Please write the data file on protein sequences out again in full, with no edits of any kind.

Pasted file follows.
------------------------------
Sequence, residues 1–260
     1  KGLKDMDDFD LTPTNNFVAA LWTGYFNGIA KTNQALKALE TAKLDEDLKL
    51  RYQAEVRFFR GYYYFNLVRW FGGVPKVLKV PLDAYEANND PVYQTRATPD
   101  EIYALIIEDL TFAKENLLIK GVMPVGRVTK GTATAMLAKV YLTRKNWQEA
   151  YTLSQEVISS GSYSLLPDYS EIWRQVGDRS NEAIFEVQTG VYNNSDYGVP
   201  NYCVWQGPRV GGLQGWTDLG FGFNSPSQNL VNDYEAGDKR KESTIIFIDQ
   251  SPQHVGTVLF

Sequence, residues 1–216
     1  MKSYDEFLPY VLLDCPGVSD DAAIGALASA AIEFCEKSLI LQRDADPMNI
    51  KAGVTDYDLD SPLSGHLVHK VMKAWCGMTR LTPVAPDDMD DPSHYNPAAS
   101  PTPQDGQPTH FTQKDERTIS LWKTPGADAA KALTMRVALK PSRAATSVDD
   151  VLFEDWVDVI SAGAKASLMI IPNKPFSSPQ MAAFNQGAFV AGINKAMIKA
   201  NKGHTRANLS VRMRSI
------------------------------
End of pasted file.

Sequence, residues 1–260
     1  KGLKDMDDFD LTPTNNFVAA LWTGYFNGIA KTNQALKALE TAKLDEDLKL
    51  RYQAEVRFFR GYYYFNLVRW FGGVPKVLKV PLDAYEANND PVYQTRATPD
   101  EIYALIIEDL TFAKENLLIK GVMPVGRVTK GTATAMLAKV YLTRKNWQEA
   151  YTLSQEVISS GSYSLLPDYS EIWRQVGDRS NEAIFEVQTG VYNNSDYGVP
   201  NYCVWQGPRV GGLQGWTDLG FGFNSPSQNL VNDYEAGDKR KESTIIFIDQ
   251  SPQHVGTVLF

Sequence, residues 1–216
     1  MKSYDEFLPY VLLDCPGVSD DAAIGALASA AIEFCEKSLI LQRDADPMNI
    51  KAGVTDYDLD SPLSGHLVHK VMKAWCGMTR LTPVAPDDMD DPSHYNPAAS
   101  PTPQDGQPTH FTQKDERTIS LWKTPGADAA KALTMRVALK PSRAATSVDD
   151  VLFEDWVDVI SAGAKASLMI IPNKPFSSPQ MAAFNQGAFV AGINKAMIKA
   201  NKGHTRANLS VRMRSI